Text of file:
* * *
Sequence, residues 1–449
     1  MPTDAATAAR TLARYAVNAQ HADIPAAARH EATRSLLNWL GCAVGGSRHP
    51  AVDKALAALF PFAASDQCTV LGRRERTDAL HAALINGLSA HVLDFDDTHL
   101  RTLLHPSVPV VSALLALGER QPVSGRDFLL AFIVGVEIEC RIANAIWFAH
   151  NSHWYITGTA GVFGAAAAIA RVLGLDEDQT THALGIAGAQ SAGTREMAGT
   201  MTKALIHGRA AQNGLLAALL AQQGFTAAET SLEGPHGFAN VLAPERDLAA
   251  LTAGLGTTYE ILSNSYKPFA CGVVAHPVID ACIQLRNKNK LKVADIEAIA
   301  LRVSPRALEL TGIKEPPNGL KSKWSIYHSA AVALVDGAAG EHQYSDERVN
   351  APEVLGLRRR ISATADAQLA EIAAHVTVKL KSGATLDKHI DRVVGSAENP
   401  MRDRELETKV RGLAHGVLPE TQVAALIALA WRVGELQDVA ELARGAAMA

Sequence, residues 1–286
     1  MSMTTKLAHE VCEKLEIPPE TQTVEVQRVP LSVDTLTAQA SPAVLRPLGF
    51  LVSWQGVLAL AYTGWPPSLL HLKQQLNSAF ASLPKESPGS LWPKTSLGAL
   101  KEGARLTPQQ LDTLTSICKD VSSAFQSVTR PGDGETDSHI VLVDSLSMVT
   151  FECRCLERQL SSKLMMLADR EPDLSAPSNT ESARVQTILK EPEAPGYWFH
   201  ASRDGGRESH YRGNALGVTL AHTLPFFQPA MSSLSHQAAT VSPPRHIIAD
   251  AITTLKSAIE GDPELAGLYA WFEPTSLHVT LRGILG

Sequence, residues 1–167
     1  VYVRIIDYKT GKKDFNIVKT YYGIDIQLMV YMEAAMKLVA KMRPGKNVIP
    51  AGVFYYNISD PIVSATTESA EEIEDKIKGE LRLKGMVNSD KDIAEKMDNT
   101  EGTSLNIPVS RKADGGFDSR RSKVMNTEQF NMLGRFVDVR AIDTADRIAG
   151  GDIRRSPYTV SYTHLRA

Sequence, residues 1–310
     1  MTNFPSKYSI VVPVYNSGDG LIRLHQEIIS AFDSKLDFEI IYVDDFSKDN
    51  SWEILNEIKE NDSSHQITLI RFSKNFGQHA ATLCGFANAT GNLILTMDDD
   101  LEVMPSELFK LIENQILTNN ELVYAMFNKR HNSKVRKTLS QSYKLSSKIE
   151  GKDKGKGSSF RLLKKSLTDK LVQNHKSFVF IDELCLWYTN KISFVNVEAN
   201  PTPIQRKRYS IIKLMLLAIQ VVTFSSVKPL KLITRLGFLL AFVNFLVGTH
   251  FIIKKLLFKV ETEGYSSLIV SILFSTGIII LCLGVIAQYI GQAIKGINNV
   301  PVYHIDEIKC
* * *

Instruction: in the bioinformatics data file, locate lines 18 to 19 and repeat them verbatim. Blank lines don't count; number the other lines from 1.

Sequence, residues 1–167
     1  VYVRIIDYKT GKKDFNIVKT YYGIDIQLMV YMEAAMKLVA KMRPGKNVIP